Leveraging friends and peers for information is what modern mentoring networks are all about. In these networks, informal learning needs are formalized through intentional learning connections. For example, an employee who needs to learn how to upsell an idea to management could tap into a modern mentoring network — ideally anywhere from five to 15 advisers from various functions in the organization — and learn techniques from people who have firsthand experience, which can then be applied directly to the employee’s situation and job.

This intentional and focused approach is significantly different from the accidental learning that occurs in social networking, where random occurrences of learning may pop up, but they are not tied directly to on-the-job application.

Financial services provider State Street Corp. assessed the ease and comfort of using social networking for learning against employees’ need to reflect on what they learned and apply it on the job. “The advent of social networking and instant information streams such as Twitter has become an exciting opportunity to engage employees by supplying them quick information,” said Maribeth Nash, chief talent officer at State Street. “However, we have to be mindful to not rely too much on social networking tools, because often change is made and learning is embedded when it is reflective.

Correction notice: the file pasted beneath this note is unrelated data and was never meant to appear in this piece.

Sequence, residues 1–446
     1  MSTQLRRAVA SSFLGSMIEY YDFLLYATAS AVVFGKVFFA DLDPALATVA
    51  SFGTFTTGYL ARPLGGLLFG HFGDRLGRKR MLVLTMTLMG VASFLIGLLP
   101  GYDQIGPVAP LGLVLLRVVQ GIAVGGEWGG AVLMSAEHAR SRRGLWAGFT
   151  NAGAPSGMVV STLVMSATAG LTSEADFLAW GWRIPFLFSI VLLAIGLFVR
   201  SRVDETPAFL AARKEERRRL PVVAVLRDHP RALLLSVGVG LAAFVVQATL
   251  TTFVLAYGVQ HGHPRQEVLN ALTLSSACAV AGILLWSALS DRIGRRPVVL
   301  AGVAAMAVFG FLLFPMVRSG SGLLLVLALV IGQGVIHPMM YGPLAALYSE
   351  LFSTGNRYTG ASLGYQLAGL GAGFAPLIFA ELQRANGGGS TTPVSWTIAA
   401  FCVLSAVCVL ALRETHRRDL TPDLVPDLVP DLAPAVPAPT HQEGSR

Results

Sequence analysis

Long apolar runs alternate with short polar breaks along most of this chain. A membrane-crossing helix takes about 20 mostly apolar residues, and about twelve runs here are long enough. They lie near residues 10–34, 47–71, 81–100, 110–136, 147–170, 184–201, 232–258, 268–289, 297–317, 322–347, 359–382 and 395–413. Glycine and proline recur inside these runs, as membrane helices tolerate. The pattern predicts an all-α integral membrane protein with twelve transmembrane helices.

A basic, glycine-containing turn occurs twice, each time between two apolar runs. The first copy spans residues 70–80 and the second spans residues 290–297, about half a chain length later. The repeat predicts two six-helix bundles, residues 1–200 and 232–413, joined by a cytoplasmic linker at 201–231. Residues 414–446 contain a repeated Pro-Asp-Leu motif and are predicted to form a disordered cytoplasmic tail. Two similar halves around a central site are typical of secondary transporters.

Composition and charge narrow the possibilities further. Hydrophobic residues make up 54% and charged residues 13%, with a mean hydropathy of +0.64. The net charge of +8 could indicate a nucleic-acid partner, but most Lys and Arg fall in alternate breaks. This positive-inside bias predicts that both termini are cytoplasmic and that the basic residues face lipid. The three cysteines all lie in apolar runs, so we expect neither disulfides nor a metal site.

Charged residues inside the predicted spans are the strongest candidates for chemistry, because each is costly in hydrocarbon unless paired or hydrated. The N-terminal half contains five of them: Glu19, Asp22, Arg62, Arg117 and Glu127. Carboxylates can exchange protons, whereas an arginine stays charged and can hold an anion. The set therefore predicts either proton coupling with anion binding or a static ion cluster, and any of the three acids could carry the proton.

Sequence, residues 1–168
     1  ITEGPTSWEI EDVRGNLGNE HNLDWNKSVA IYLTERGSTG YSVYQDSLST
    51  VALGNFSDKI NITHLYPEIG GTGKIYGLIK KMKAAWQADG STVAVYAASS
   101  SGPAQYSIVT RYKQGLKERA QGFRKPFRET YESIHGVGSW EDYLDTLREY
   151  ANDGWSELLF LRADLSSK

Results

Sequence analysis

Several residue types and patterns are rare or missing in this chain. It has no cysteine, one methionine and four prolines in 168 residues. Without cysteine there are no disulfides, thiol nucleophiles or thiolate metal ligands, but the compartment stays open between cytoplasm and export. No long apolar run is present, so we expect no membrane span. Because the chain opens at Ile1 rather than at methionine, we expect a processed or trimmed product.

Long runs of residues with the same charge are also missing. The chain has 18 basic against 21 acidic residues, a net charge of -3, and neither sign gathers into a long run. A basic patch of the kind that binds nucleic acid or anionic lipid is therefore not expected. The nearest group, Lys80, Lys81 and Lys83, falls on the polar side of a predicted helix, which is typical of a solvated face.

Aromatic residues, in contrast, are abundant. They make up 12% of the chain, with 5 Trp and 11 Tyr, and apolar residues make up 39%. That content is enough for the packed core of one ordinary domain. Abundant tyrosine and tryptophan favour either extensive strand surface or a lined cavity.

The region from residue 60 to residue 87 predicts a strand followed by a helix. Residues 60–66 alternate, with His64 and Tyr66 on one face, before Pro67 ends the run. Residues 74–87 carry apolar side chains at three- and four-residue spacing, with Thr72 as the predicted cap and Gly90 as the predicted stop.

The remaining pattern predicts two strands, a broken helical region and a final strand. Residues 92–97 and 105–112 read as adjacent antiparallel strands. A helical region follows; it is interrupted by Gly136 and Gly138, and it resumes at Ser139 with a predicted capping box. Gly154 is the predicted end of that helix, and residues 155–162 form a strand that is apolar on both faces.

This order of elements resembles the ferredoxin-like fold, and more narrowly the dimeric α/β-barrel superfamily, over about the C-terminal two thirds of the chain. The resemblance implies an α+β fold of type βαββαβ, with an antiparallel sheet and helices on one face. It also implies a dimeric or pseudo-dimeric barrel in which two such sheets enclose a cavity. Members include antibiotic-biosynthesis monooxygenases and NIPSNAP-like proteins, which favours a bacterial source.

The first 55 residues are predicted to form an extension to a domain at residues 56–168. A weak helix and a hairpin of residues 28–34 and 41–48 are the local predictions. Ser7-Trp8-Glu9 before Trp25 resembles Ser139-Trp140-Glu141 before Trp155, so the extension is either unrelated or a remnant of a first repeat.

“That is why we believe in providing our employees a mix of traditional learning experiences and robust development that centers on reflective practice. This includes coaching, mentoring and formal education experiences.”

As Willyerd and her co-author Jeanne Meister discovered when conducting research for their book, millennials prefer to learn through mentoring. Willyerd also said that in less than three years, people in this age group — those born after 1977 — will make up nearly 50 percent of the workforce. “The only way to address such a massive need for mentoring is through modern methods that allow mass customization to fit the needs of the new workforce,” she said.

For informal learning to have impact, organizations have to make learning intentional rather than accidental. “As talent professionals, it is critical that we equip our employees with the tools they need to take advantage of accidental learning events by making them intentional, heightening their awareness of the learning opportunity and helping them build a reflective practice,” Nash said.

One way companies can do this is by using enterprise mentoring technology, thus enabling all employees to partake and knowledge to flow unimpeded throughout the company.

“Dr. Edwards Deming used to do a demonstration of dropping a ball inside a hoop, and then moving the hoop each time to make the new center where the ball had previously dropped,” Willyerd said. “After 10 drops, the hoop would have moved across the room. He used that experiment to show what happens with accidental learning: accuracy and the understanding of truth shifts. Intentional learning is important because it has an anchor in expertise, such as a knowledgeable mentor.”